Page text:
3. Finding a good tool can take time for experimenting and learning. This may postpone the time of getting your first sweet automation fruit. Be prepared benefits may not kick in immediately.
  4. You need to maintain your automated tests during the development of your system: UI elements can change, modules can extend, verification rules can be adjusted - all these factors can cause insufficiency of coverage and failure of test cases. If you do not invest into maintenance, you risk, at the bare minimum, wasting time. Imagine, you work on it, then just leave it as it is and... after a while, you will get a bunch of badly done, constantly failing, poorly covering system test cases, which, in the end, will bring no value or quality to your project. If you start testing automation and want it to be successful, be prepared to keep on going with it and have at least one person who can be dedicated to automation most of the time.
  5. You need to find time and sometimes funds to train testers how to automate. Otherwise, you may not have the best day, when improperly trained people write automated scenarios, which turn out to take twice as much time to fix or add missing checks.
  6. Automation tests cannot reproduce how a real user behaves completely. To cover all possible scenarios, you will need to spend a decent amount of time.

The best case scenario is to automate most regression tests, and especially boring validation tests, and have a human test all the rest. Over time, you will see quantity and quality of tests grow, time-to-test reduce, happiness of testers increase. Take advantage! 

So, you decided to have automation in your project? What should you consider when you select a tool? One thing to get started is to hire an experienced automation engineer who can recommend a good tool selection and take the first steps. If you prefer to dive in all by yourself, consider the following:


  1. Language. Is your application in PHP, Java or any other language? You would probably like to have a testing tool that can be integrated with your system, and that can use the same system libraries and code for test data preparation.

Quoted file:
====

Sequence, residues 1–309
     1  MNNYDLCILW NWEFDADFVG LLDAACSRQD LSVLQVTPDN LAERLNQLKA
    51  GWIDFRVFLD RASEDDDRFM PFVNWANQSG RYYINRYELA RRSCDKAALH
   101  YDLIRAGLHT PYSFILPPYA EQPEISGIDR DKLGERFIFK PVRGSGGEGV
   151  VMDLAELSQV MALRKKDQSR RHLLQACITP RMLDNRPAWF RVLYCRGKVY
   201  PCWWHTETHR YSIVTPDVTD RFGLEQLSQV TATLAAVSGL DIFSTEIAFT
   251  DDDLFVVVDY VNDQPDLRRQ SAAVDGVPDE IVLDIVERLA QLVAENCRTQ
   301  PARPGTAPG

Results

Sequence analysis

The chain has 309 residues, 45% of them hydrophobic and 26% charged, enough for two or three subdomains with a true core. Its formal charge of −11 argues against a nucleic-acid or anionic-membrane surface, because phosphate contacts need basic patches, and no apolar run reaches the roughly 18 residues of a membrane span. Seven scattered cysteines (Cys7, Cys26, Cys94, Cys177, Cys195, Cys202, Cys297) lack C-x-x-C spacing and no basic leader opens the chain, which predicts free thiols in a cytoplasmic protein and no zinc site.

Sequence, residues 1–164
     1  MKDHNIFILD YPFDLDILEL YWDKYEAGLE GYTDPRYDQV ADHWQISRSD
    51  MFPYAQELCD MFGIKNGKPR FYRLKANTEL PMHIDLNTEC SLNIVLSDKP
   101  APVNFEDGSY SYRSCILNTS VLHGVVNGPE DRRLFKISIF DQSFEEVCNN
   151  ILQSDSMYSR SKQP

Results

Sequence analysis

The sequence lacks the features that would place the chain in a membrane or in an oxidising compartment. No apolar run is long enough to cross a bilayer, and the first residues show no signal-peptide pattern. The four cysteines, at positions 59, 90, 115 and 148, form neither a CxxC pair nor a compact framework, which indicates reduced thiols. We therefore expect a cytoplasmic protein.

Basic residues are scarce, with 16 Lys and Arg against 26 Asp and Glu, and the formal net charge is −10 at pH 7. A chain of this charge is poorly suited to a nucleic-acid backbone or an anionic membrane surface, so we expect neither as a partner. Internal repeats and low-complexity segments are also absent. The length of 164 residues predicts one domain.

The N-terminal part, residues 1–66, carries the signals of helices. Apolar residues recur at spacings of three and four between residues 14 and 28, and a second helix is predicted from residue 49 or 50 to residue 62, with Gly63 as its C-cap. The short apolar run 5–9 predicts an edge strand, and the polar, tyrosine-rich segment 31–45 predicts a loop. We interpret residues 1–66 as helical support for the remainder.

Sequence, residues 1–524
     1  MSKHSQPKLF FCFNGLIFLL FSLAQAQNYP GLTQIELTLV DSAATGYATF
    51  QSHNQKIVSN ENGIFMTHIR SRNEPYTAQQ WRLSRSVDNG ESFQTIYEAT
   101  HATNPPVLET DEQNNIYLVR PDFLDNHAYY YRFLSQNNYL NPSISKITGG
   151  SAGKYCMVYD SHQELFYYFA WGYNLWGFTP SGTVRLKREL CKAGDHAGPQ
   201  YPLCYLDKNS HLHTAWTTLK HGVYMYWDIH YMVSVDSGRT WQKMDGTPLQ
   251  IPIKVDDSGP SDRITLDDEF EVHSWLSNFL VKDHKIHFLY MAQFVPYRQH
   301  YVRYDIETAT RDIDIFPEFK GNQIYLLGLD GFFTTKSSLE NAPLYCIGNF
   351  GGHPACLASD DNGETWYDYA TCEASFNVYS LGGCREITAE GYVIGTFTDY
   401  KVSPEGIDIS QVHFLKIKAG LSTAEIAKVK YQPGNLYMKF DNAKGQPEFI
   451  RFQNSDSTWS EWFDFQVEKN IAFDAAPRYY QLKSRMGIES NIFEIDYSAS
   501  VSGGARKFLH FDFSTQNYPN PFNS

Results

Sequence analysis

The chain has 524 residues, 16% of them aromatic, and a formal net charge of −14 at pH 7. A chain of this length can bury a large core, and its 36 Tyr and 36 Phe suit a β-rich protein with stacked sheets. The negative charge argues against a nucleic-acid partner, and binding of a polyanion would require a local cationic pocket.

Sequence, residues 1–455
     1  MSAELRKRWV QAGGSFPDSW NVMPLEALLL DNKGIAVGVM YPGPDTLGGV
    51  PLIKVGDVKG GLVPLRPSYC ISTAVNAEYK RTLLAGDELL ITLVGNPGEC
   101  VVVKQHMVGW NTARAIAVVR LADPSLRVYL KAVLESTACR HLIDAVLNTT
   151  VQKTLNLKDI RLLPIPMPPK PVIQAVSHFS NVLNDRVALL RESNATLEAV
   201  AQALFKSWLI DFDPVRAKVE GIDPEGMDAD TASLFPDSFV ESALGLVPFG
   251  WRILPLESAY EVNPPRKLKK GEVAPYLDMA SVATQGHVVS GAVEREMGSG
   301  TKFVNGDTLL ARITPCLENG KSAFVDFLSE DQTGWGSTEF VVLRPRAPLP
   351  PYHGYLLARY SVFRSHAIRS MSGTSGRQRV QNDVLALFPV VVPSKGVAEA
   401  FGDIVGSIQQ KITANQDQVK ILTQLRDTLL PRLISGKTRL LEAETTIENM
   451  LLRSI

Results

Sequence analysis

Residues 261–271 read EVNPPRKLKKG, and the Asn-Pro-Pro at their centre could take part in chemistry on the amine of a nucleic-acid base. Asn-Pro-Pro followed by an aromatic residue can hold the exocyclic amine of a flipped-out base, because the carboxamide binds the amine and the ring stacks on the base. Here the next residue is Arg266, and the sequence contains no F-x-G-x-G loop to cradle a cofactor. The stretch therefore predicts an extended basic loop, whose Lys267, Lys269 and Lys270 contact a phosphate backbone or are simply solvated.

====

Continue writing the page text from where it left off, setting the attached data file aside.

2. Your operating system (OS). Does your testing team use a Mac? Windows, or Linux? Some tools are better on particular OS, some will not even run on certain OS.
  3. Type of app. Web, mobile or desktop - the choice of the tool is directly tied to that. Some tools can work only with web apps and simply cannot be used for desktop and vice versa.
  4. Free or paid - there is a variety of both free and paid tools for automation. Sometimes, though not always, you will need to choose between usability or free-of-charge.
  5. You have an automation engineer (or not). If you do not have a senior automation responsible who can set up the technical basis up and help manual testers learn how to write test cases, you probably will need a more simple tool with a user-friendly integrated development environment (IDE).

Is it really possible to teach your young and green testing team to automate? Yes, it is. Just have a look:

  1. Manual testers not familiar with coding can use tools with an IDE, as mentioned above. There are such tools like Robot Framework with RIDE thing or Katalon IDE or (you name it) for which you do not need any special knowledge. The tests are written in a language like: Go To "url", Click "element". Verify Visible "Element".
  2. For sure some additional learning will be needed like how to locate an object on a web page. Luckily there are a lot of free and short courses (for 4 - 10 hours) to learn the basics of PHP, Python, xpath, etc. Such basic knowledge will be enough for writing such tests.

In a nutshell:
Having a properly established and usable automation tool makes life of a testing team and their managers much easier, as far as time pressure, quality assurance and fewer routine tasks are concerned. It is up to you what tool you chose and whether you need automation in the end or not, but if your project is long-term and appears to become big and complex – it is absolutely better to have automation tests in place. In any case I wish you a bug-free product, happy testers and relaxed project manager!

Still got questions?
Ask the author for further information.